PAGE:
A significant proportion of Australian adults remain unaware of the serious harms of tobacco use.[44] Research shows that disclosing harmful effects of chemicals present in tobacco packaging increases consumer knowledge on smoking harms.[45] The disclosure of ingredients is largely self-regulated through a voluntary agreement between the Australian cigarette manufacturers and the Commonwealth Department of Health.[46] Implementing testing and measuring of the contents and emissions of tobacco products and their regulation, as well as public disclosure of information on the contents and emissions are needed to increase consumer awareness as well as to fulfil our obligations under Articles 9 and 10 of the Framework Convention of Tobacco Control.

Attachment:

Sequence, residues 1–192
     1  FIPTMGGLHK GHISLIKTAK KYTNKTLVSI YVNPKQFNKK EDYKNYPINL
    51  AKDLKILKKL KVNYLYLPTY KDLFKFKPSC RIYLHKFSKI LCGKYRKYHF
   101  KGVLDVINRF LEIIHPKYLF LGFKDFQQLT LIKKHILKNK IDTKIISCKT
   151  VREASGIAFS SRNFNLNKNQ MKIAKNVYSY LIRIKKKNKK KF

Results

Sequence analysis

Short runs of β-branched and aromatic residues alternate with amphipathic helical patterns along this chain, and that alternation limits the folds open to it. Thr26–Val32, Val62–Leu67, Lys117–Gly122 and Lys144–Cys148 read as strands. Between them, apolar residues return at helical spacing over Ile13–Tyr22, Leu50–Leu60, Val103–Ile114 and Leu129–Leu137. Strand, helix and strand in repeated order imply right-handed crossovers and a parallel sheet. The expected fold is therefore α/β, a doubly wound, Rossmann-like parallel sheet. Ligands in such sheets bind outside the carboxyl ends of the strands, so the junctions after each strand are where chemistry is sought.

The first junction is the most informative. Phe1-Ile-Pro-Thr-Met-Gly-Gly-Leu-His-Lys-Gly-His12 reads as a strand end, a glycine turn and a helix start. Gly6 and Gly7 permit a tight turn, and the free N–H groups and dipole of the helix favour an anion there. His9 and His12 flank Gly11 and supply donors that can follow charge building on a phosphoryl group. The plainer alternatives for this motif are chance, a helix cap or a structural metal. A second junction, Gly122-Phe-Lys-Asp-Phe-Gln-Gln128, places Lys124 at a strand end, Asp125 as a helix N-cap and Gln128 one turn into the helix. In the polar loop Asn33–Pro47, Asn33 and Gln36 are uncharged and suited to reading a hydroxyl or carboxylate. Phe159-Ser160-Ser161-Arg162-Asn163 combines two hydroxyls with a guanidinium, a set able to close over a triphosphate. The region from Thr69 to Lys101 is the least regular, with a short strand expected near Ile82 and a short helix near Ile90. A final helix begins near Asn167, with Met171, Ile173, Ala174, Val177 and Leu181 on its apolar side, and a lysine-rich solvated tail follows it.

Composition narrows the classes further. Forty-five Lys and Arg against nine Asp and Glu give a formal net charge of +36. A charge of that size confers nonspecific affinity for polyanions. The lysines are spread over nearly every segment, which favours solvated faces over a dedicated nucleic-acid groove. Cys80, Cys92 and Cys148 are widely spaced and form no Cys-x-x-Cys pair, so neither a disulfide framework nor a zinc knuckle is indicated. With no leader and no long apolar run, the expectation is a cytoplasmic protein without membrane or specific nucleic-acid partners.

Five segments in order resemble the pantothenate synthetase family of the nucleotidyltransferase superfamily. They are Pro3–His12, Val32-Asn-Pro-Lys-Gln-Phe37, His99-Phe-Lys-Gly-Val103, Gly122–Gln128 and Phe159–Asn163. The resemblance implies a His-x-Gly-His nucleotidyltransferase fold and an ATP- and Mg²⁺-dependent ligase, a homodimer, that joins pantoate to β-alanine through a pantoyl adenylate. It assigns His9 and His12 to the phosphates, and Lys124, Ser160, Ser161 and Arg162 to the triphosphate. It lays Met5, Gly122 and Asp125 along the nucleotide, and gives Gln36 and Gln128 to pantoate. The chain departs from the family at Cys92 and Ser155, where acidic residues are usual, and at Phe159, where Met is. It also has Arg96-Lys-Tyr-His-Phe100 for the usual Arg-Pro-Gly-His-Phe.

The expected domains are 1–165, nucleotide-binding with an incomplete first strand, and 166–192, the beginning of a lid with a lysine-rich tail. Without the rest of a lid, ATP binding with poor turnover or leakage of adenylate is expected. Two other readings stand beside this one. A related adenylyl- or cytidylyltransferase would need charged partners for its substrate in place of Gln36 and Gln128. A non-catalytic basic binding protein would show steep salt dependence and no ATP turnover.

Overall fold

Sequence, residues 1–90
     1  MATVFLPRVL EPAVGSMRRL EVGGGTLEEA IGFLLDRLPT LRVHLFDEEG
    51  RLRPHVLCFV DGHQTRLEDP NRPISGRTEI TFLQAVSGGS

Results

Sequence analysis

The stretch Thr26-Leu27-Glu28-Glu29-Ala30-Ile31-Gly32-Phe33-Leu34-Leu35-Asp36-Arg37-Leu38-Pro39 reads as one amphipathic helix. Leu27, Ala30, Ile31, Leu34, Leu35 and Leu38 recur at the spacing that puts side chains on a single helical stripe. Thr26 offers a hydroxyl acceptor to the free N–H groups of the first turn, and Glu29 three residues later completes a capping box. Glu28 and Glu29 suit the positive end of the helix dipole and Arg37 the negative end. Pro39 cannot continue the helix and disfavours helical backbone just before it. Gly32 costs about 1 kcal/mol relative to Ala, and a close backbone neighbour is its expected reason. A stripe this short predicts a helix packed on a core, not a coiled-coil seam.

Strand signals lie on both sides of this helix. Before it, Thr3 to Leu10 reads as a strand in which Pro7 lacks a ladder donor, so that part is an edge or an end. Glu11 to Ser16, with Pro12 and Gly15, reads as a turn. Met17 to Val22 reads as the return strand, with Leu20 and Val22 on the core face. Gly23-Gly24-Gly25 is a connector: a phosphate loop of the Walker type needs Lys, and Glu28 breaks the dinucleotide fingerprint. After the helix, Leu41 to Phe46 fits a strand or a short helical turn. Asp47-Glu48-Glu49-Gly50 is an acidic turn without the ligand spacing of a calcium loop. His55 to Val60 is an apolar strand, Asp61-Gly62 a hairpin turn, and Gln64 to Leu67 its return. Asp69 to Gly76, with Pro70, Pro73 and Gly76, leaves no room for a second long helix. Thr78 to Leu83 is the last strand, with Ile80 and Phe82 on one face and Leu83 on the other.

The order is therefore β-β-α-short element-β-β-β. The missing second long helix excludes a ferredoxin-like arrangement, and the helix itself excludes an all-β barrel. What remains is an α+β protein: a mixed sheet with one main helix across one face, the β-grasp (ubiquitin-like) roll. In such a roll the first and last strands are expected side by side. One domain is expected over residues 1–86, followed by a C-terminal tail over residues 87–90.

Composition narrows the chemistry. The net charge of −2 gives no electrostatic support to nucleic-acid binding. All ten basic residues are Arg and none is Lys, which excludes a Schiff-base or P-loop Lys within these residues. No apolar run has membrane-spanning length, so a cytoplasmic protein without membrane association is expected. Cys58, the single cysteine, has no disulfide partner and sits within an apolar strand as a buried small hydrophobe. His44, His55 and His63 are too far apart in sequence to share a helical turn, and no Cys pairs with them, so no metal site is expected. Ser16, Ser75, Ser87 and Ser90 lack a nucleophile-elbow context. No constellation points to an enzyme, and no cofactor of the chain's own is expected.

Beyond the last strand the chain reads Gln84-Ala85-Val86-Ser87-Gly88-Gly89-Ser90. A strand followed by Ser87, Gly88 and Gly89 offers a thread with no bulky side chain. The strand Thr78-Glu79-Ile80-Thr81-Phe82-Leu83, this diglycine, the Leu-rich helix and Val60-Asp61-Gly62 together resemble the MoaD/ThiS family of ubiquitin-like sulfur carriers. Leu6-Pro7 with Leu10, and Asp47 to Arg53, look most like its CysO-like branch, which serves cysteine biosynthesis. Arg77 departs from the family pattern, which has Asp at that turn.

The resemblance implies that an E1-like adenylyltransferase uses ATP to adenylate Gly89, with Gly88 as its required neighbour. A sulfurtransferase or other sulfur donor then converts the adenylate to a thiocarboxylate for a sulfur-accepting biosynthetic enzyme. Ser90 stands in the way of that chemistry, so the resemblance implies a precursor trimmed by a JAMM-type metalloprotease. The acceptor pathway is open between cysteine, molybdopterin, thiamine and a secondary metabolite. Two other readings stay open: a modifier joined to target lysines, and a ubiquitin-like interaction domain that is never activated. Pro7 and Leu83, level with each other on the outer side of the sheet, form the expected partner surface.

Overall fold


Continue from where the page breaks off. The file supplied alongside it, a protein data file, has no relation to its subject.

Improving the way in which the Consumers Product (Tobacco) information Standard 2011 and other avenues provide information is needed to improve tobacco users’ understanding of the serious harms of using tobacco products, and to provide appropriate information about available cessation supports.

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Regulate the supply of tobacco products